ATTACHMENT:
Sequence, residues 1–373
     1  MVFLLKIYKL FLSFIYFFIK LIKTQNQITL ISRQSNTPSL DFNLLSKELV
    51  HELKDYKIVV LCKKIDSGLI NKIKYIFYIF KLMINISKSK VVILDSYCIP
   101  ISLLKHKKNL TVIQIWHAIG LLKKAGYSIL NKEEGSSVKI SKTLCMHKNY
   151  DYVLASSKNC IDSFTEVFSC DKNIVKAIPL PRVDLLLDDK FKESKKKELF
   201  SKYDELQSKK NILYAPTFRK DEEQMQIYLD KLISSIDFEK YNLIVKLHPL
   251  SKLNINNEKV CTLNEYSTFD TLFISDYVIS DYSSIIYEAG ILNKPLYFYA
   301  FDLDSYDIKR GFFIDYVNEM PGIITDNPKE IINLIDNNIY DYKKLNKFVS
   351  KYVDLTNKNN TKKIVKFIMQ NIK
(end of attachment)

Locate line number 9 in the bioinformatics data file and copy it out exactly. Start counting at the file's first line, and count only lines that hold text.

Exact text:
   351  KYVDLTNKNN TKKIVKFIMQ NIK